May 25, 2022

For the company Silicon Valley startup Tortoise, named after the slow-moving reptile, has rapidly transitioned to new business models over the past year.

The company, founded in 2019 by former Uber CEO Dmitry Shevlenko, began with a mission to become an operating system for micromobility vehicles, a system that uses remote operators to move shared electric scooters to places where future drivers can drive. on board or return them. Warehouse against payment.

In January 2021, Turtle began working with Spin to test a three-wheeled scooter that has Turtle’s repositioning software installed.

But even before the company released its Spin Pilot, it was beginning to realize the potential of remote positioning and all the cameras and sensors the company had installed on scooters. As the public micromobility industry plummeted due to COVID-19 while people began demanding faster delivery, Shevlenko deemed it a “malpractice” to not continue delivering from the robotic sidewalk.

Turtle began supplying products first to small local customers and then to large companies such as the Albertsons supermarket chain, the national logistics company Excelhair and the KRS convenience store chain. All signs indicated that the curbside delivery was a success.

but then…

In early March 2022, Turtle changed that again, pledging to focus exclusively on mobile smart stores, essentially luxury vending machines that are mounted on Turtle’s delivery robots and located outside of retail. Turtle has now moved from a hardware-as-a-service model to a take-rate scheme that allows it to earn 10% of all sales from its card payment bots, whether it’s a box of cakes from a bakery or brand new headphones. From an electronics store.

Shevlenko, who served as director of business development for Uber and was behind the Jump Bike acquisition, says these pivots are simply the beauty of a startup responding to market changes. The founder has advised or served on the boards of several mobile and technology companies, including Skip, Superpedestrian, Kodi, Payfair, Skyridge, SpotHero, and Cargo Systems.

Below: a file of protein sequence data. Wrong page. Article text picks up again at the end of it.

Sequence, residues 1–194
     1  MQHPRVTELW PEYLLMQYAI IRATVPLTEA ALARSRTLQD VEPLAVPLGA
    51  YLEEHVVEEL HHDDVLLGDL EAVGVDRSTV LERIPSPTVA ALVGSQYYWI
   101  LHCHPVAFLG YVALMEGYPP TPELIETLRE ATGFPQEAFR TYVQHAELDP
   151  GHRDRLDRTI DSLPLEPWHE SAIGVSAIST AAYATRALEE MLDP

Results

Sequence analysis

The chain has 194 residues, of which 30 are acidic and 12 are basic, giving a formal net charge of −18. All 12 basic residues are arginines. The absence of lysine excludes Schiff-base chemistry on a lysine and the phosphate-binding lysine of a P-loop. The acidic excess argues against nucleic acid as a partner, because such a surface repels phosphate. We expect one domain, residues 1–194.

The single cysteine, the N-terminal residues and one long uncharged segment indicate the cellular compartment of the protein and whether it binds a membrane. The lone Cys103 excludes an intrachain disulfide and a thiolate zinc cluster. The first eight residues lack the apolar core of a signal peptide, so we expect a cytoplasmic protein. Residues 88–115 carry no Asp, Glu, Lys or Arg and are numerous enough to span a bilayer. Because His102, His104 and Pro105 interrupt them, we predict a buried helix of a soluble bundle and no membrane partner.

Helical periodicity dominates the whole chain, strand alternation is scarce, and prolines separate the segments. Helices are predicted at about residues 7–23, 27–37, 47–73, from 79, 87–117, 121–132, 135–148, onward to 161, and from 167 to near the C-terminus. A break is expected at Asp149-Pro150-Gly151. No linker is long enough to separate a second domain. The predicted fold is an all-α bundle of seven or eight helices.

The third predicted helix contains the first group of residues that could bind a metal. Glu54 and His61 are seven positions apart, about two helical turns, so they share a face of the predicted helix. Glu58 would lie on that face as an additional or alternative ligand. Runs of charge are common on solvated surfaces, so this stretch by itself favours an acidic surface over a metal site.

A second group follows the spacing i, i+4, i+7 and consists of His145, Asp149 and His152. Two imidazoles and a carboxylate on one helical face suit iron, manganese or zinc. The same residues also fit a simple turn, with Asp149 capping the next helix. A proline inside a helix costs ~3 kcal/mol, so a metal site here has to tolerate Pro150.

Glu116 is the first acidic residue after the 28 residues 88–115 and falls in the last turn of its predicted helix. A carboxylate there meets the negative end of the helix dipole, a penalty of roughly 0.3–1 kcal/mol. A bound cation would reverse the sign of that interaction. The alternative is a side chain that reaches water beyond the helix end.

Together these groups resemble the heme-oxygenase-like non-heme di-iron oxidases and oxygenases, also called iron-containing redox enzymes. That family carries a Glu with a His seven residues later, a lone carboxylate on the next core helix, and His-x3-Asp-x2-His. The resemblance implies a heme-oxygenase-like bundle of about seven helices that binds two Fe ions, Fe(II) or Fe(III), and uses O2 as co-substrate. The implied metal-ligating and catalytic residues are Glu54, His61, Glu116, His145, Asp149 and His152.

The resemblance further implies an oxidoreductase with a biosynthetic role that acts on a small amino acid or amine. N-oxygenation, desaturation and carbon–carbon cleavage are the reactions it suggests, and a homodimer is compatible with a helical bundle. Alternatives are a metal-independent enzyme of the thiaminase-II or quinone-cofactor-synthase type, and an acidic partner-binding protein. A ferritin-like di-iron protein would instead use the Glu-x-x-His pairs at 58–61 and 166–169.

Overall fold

While Turtle is launching his first business, Shevlenko is well aware of the factors that can make a startup win and lose.

We spoke with Shevlenko about everything from acquiring Spin Tier and the future of micromobility to taking charge of changing business directions, the challenges of delivering sidewalk robots and startup agility.

The following interview, part of an ongoing series of interviews with founders building transportation companies, has been edited for length and clarity.

TK: At Uber, you were behind the creation of a new mobility segment and the acquisition of Jump Bike. What do you think is the value of multi-column companies, as opposed to just doing one task well?

Dmitry Shevlenko: For Uber, as a consumer-facing company, this is the ultimate strategy for collecting all of your transportation costs. The last end state here – and that’s why I think they’re putting so much money into this Uber One subscription – is a transportation product in the form of a subscription.

Ultimately, you can win by bringing all the different ownership models together to be shared, rented, and owned. Dmitry Shevlenko

It’s not very efficient for Uber and Lyft to try to win your trip right away by offering you special promotions. If people are constantly switching between Uber and Lyft, they both lose. So the way to win is not to compete for a ride, but almost every year. How can you turn your back on someone for a year just because they’re yours? I’m guessing the basic nature of this consumer lock means you need more than just a rideshare, right?

I think ridesharing is necessary because rideshares will falter. But the demand for transport does not change. So if you have multiple mods, you are always in the right place.

Turtle’s original idea to replace scooters partially failed due to the pandemic, but do you think it’s still a good idea?

Oh hell yes. This is purely a function of indexing and relative precedence. The only reason delivery is so good and demand so high is also because of COVID, right? Not only shared scooters have gone bad.

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